Dream Wedding
by Alice Wootson, contemporary (2001)
Arabesque, $5.99, ISBN 1-58314-149-9

There is something charming and engaging about this author's prose. Dream Wedding is one of those stories that has a plot that make me go "Hah?!!" but dang, it's cute. There are moments that are too sweet for its own good (a same problem I have this author's debut Snowbound With Love), but there are way too many times when I find myself thinking that maybe cavities aren't too bad a fate.

Play the sweet "Lil' Miss Sugar-and-More-Sugar Debutante" theme as we focus on Melissa "Missy" Harrison. Everyone always believes that she and Jimmy Tanner Scott will get married. They have been sparkin' since they were 13. And Missy has been living her head in clouds, planning the perfect wedding with perfect white laces and flowers and everything. Mrs James Tanner Scott - ooh, that thought gives young Missy PG-13 rated mental orgasms.

Then the smelly stuff hits the ceiling. A misunderstanding occurs, and Missy heads off to college. Years later, however, she is back in town for her dream wedding... to some other guy named Walter Wilson.

"What the...? This is so wrong!" Everyone in sweet, perfect Mayland is shocked at the wrongness of it all. Jimmy's the right man for this woman - Jimmy, where are you, Jimmy?

Jimmy isn't going to stand there and see his own wedding dreams of white laces and bridal showers go up in flames. Now, in four weeks, he has to wage war on that upstart Wilson. He will win her back! He will, he will... go, Jimmy!

This story is sweet. Treacly sweet, oozing with unhealthy sugary icing. The people in Mayland are uniformly supportive of the True Destined Love between our two young, perfect leads they do all but to deck out in cheerleader outfits and do backflips. "Gimme me a Jimmy! Gimme a Missy! Gimme gimme gimme lurve! (Don't forget the sex, of course.)" Jimmy is so endearingly charming and perfect despite his sole flaw - his lack of self-esteem because Missy has a college degree and he doesn't - no matter how superfluous or silly it is, dang, that man is charming. Missy is a bit of the clueless romantic, and she can be rather obtuse at times, but when she runs racing into Jimmy's arms - "I do, Jimeeeeeee, I doooooo!" - I can't help but to be won over.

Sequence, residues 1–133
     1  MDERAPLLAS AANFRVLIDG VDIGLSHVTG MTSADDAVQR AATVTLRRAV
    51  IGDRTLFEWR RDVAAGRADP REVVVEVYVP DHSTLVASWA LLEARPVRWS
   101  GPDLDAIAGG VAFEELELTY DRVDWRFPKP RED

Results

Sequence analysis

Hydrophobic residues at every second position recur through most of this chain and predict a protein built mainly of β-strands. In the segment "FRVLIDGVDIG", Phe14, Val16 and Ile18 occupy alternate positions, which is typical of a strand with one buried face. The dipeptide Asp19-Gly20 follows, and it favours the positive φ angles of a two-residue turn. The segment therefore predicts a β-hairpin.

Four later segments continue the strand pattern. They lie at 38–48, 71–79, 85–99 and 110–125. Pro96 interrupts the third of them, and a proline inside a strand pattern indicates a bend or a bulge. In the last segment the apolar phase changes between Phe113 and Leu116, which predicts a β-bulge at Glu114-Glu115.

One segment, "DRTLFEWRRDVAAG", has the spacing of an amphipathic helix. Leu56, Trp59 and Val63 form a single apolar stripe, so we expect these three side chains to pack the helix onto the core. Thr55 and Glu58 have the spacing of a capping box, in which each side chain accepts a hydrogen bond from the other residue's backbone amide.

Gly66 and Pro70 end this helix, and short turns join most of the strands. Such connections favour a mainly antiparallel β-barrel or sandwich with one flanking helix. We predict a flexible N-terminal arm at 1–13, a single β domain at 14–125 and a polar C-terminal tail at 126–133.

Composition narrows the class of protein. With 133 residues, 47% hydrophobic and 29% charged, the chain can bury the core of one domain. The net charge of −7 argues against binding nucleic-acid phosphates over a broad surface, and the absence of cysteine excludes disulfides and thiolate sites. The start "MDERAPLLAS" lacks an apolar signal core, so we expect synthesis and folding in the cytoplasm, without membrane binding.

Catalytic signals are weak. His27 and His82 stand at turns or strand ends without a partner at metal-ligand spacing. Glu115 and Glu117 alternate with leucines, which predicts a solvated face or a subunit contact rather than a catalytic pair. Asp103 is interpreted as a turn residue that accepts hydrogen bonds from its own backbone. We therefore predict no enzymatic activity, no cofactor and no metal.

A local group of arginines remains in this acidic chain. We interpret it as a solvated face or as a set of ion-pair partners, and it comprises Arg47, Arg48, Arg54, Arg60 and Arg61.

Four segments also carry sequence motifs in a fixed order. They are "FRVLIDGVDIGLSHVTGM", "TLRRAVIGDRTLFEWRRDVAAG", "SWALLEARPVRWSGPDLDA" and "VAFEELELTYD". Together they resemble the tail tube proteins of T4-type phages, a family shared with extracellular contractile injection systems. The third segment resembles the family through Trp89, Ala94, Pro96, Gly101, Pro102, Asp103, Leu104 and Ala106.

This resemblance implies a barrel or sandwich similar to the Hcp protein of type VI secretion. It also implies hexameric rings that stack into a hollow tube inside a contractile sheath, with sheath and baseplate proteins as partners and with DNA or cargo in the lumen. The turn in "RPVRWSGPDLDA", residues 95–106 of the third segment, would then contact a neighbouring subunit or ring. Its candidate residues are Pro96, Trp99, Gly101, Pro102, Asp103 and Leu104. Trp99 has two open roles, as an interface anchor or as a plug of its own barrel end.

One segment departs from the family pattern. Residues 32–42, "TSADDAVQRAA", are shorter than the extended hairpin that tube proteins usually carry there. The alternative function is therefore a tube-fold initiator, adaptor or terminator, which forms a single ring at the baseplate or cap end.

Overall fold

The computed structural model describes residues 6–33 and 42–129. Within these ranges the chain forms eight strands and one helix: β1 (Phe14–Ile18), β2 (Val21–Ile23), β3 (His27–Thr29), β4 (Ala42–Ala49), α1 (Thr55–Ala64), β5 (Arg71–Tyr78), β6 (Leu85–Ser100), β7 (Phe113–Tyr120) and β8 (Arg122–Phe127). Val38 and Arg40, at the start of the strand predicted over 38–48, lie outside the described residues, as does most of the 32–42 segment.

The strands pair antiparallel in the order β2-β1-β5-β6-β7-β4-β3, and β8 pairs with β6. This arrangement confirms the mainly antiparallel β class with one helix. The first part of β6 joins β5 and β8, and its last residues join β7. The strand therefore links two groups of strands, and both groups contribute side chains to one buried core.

I could use a bit less wholesome small town goodness from Dream Wedding, but this book is like an overearnest child who has just created her first artwork. I hate to puncture the enthusiasm by pointing out that the artwork has an extra eye and that it looks more like that pregnant two-headed elephant on TV than "Mommy". It's not nice to sneer at Dream Wedding's overwhelmingly idealistic notions of true, pure, preordained love. I already feel bad wishing the sugar level to be toned down a little.

Oh what the heck, just pour the sugar over me.

Rating: 83

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